Soon San Vitores was back doing the work he so much loved: preaching Christ to the children and adults of the villages. Never one to remain in the more settled confines of his Christian community, San Vitores pushed on to the rugged interior of the island visiting one hamlet after another in search of souls. He returned to Agana only to make his retreat, celebrate Christmas, and assist at the death of one of the Jesuits who was a victim of tuberculosis. In January 1672 he was off again, this time to one of the remote villages on the eastern side of the island to build a church and establish a Christian community.
Meanwhile, the island was rife with barely concealed turmoil. Those chiefs who opposed the Spanish were secretly rallying their forces for a new offensive, and there new reports almost every week of plots to assassinate one or other of the missionaries. The next bloodshed occurred at the end of March when a young Mexican catechist whom San Vitores himself had recruited was ambushed and killed in Ritidian, a village in northern Guam that had become a haven for Chamorro dissidents. As soon as San Vitores had heard of the attack he dispatched two Filipino catechists and a Spanish soldier to carry the news to Agana and warn the Jesuits there of the possibility of a general uprising. The three of them had not gone very far when they too were ambushed by hostile Chamorros; one of them was killed on the spot, while the others fled until they were finally caught and stabbed to death. San Vitores, who knew nothing of the death of his three messengers, remained in his parish for a few more days to finish the construction of his new church despite the insistent rumors of a plot against his life.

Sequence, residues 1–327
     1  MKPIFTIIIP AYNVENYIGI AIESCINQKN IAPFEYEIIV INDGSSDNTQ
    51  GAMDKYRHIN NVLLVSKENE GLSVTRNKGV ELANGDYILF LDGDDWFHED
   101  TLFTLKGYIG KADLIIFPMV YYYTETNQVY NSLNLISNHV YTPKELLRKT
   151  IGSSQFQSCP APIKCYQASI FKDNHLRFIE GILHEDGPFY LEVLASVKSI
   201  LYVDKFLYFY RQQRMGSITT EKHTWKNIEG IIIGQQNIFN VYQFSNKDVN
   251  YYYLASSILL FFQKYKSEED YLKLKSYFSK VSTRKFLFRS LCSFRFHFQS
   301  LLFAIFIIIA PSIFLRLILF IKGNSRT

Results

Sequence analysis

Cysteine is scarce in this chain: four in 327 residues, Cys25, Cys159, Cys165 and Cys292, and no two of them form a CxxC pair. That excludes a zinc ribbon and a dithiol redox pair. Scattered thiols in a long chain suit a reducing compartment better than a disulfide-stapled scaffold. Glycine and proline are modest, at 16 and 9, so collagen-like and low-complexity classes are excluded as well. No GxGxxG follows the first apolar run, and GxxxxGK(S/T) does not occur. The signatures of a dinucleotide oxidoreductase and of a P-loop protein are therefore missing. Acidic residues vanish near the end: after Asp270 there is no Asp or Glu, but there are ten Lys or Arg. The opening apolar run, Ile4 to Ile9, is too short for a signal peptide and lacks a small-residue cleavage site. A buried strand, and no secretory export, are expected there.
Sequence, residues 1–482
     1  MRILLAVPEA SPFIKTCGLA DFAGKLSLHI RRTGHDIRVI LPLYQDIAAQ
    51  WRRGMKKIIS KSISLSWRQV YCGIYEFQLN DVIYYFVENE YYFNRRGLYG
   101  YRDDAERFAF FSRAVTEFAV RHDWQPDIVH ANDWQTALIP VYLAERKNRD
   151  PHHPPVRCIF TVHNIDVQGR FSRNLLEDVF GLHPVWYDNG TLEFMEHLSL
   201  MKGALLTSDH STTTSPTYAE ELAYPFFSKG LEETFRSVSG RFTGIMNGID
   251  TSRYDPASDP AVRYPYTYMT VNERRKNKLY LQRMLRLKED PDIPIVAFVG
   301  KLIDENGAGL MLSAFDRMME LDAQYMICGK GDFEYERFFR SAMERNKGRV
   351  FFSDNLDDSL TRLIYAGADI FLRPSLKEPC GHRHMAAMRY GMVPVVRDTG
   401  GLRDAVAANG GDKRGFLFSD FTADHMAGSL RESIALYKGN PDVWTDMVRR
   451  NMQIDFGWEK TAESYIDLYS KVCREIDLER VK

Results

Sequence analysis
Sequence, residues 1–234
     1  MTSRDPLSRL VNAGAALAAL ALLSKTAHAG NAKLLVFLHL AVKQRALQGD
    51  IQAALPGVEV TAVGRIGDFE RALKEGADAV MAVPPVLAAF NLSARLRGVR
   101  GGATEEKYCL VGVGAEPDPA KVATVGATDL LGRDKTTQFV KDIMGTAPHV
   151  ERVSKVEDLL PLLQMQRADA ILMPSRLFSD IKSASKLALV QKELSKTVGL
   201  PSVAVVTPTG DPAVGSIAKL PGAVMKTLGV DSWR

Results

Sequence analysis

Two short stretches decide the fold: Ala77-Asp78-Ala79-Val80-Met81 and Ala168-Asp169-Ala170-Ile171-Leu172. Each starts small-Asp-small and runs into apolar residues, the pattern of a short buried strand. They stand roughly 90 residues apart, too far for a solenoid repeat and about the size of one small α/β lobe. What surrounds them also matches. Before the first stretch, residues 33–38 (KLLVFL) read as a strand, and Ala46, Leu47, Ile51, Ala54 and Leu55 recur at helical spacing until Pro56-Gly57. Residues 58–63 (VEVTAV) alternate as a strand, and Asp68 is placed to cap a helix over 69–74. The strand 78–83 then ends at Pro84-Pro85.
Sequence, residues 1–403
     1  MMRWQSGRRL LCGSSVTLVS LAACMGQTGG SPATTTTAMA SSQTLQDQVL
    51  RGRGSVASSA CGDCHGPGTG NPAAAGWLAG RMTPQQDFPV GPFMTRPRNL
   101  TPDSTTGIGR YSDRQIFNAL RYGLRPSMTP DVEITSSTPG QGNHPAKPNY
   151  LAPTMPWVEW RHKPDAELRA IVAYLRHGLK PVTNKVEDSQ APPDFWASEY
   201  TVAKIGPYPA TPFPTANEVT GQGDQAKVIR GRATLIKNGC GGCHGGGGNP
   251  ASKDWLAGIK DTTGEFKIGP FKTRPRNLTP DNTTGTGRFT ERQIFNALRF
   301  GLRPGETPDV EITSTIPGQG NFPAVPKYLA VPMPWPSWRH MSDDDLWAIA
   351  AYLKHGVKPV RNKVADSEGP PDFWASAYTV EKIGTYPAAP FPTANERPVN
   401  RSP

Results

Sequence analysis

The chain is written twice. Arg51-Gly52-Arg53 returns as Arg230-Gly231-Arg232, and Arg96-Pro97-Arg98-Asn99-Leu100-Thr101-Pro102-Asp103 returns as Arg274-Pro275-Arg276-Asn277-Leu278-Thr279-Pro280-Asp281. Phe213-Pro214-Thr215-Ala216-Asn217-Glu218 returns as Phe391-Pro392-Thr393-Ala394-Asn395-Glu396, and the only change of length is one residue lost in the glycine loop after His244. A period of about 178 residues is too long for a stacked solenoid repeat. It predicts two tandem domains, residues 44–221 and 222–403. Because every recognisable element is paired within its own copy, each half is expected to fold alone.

Finally, on April 2, 1672, San Vitores left for Agana along with Pedro Calangsor, a faithful Filipino catechist. On the way they stopped at Tumon to look for a mission helper who had deserted at the first sign of trouble a few days before. The priest hoped to persuade him gently to return to his faith and his work. He never found his frightened assistant, but he did meet a Chamorro noble by the name of Matapang, an old friend whose life he had once saved and whom he had converted. When San Vitores greeted his friend and offered to baptize his daughter, Matapang made the surly reply that the priest would do better to baptize the skull in his house and stop killing children. Matapang then stalked off to find some weapons and companions to help him put an end to the priest. While Matapang was gone, San Vitores entered the house and baptized the sick child. He knew that his former friend would be furious at him for this, but he felt that the salvation of the child outweighed the threat upon his own life. Possibly Matapang could even be placated in time. San Vitores and his helper were waiting at the outskirts of the village when Matapang returned with a friend, both of them armed. First they went after Pedro, who refused to abandon the priest; within a few moments he fell dead with a spear in his chest. San Vitores fell to his knees and uttered a prayer of forgiveness for his assailants. He had barely enough time to kiss his crucifix before the two men were on him; one of them split the priest's skull with a stroke of the cutlass while the other buried a spear in his heart. Matapang then stripped the priest's body of crucifix and cassock, tied stones to the naked body, and took it far out in the bay where he cast it into the sea.
As San Vitores had lived, so he died — with love and forgiveness in his heart and a prayer on his lips. He had realized his dream of martyrdom and those who knew and loved him everywhere shared the joy of his triumph. Bells rang and the Te Deum was chanted in Manila, Mexico and Spain; sermons were preached and books written on the striking way that his life bore witness to the Lord whom he preached. His Jesuit companions in the Marianas mourned his loss even as they rejoiced in his victory but, before all else, they carried on the work he had begun. There would be many more battles further and greater tensions, and long years of hardship and toil before the Marianas would finally attain both the peace and the faith for which San Vitores labored so tirelessly. San Vitores was not the last missionary to die a violent death in that mission field. Twelve Jesuits and two dozen lay catechists in all, most of them Filipinos and Mexicans, shed their blood for the sake of the church in the Marianas. Yet San Vitores remained, long after his death the inspiration of the mission just as he had been its founder. He is, in a real sense, then, not only the Apostle of the Marianas, but the Apostle of Micronesia.